Round Two would likely be the same. The Appellate Court would rely on the same judicial opinions discrediting the doctrine, and the trial court’s order would be upheld.

Which leads to Round Three, the Supreme Court. And here it would get interesting. Here, the competing policies could be addressed, argued, massaged, and squished like that handful of PlayDoh. Here, we could see if “society” is ready for a new rule. Is CUTSA ready to grow up and stand toe-to-toe with 16600?

How fun would this be?

Well, we may never know. HP and Hurd had to go and selfishly ruin everything.

A mere two weeks after the case was filed, 14 lousy days after California trade secret and restrictive covenant aficionados had their hearts set for a battle of epic proportions, a fortnight after HP declared war on Hurd and Oracle claiming its trade secrets were going to be used and abused by its arch rival ... the parties kissed and made up. Apparently, it was nothing a little money couldn’t fix. According to news reports, HP gave up its fight after Hurd returned about $13 million worth of HP stock.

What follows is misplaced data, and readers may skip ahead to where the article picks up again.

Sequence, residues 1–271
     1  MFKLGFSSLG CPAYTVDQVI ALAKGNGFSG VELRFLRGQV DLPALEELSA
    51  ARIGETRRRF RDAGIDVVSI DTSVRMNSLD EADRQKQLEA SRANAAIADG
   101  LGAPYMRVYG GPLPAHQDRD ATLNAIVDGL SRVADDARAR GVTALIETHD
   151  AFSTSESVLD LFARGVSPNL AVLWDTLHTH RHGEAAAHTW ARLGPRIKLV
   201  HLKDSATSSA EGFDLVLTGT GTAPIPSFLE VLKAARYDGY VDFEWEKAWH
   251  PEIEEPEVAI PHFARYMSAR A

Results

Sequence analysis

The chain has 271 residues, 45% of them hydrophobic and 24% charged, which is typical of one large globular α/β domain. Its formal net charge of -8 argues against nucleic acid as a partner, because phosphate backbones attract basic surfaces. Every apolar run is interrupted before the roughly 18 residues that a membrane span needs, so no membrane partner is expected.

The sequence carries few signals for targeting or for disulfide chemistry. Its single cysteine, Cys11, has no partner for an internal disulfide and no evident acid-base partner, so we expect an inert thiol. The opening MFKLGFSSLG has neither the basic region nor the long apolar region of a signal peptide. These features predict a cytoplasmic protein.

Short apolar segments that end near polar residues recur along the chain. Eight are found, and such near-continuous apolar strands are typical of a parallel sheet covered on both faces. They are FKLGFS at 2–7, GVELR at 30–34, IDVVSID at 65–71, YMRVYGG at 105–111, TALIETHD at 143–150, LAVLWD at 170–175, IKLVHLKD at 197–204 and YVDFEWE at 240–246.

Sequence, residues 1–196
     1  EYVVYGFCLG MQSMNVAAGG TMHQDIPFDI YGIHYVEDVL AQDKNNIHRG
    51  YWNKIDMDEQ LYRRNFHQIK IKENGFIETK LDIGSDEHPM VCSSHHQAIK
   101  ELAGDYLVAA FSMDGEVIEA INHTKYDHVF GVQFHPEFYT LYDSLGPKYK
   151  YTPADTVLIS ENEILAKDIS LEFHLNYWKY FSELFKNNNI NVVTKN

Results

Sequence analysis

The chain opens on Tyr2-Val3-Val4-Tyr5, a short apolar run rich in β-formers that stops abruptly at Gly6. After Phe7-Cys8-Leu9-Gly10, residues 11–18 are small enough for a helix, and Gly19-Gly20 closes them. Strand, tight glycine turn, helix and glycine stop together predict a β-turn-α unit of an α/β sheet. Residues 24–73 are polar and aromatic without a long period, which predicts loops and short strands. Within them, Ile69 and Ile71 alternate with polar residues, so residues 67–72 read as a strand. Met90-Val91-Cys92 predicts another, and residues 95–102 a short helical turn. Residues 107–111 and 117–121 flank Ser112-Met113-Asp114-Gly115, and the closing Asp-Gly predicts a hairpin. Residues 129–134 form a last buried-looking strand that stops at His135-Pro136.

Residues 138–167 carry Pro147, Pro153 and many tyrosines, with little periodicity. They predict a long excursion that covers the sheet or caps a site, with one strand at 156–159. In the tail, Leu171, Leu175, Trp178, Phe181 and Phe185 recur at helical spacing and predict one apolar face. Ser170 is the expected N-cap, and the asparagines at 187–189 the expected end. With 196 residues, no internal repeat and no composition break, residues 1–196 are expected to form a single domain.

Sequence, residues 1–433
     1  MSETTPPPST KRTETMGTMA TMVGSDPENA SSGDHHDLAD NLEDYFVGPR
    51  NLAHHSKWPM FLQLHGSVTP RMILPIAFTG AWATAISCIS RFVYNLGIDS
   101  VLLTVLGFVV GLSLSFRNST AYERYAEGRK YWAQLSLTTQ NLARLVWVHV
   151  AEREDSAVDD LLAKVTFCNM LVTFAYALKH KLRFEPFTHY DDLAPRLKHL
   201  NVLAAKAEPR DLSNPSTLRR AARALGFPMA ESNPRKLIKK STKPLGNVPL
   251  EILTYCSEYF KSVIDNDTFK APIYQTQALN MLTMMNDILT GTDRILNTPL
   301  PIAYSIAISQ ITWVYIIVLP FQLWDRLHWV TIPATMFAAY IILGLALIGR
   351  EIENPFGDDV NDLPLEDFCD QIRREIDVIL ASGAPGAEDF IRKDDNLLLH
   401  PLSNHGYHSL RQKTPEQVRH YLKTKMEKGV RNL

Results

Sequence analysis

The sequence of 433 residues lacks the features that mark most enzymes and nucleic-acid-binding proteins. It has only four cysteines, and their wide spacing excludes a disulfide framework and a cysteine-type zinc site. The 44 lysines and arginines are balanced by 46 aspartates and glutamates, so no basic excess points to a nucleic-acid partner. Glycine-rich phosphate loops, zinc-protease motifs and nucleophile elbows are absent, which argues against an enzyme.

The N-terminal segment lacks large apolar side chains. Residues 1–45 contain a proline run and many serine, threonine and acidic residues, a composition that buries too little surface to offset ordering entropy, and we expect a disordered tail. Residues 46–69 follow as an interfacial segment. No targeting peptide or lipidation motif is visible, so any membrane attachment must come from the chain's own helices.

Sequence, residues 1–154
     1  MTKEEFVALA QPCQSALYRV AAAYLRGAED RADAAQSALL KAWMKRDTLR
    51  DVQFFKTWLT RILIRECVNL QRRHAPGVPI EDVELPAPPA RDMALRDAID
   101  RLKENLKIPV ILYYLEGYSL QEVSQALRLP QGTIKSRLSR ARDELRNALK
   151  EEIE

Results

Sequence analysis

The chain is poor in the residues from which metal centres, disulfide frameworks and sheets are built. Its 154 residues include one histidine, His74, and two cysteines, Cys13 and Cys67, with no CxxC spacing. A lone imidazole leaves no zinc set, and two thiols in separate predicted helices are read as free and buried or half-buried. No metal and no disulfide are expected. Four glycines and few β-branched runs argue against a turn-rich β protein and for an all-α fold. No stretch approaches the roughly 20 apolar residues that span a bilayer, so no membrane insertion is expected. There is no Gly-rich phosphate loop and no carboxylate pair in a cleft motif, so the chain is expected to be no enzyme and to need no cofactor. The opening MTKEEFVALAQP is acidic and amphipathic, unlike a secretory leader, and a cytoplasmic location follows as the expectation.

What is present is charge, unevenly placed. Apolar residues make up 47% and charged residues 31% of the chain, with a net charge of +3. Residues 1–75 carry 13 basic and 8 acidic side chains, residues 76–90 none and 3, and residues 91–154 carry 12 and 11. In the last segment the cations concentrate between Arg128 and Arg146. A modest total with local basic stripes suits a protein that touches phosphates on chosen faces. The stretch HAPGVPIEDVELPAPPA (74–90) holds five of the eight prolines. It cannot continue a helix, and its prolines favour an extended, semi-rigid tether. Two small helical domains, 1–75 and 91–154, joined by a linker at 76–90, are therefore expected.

What happened to the secrets? Presumably, Hurd still has those in his brain. Presumably, Hurd is still going to run Oracle. Presumably, if HP’s complaint is to be believed, Hurd can’t run Oracle without trading on HP’s secrets. What does the return of $13 million in stock have to do with protecting those priceless crown jewels?

Was it simply that HP and Oracle actually learned something from the decade-long Great Legal War down south between Barbie and Bratz – that even the winner of that one (assuming there ever is a winner) is already a loser? The only question is who will lose more by the time the thing is said and done. (If ever a legal dispute cried out for an alternative method of dispute resolution, it is that one!)

Or was this dispute never really about secrets at all? HP is being attacked left and right for its handling of the Mark Hurd fiasco: The employment termination following disputed allegations of sexual harassment and expense report improprieties, followed by an unbelievable golden parachute, followed by the slap in the face when Hurd took the Oracle job, followed by the near stockholder revolt and lawsuits. Maybe HP was just looking for a face saving way out of the fracas.

But maybe I’m looking at this too selfishly. If you look at it another way…when was the last time you heard of a company recovering $13 million in settlement a mere two weeks after filing what is by all appearance a meritless lawsuit? Not bad for a few day’s work. I’ll have some comments about the employment agreement HP attached to its complaint – it’s a creative example of how one California employer tried to get as much non-compete protection as possible under existing law. But first, I need to figure out what to do with all this popcorn.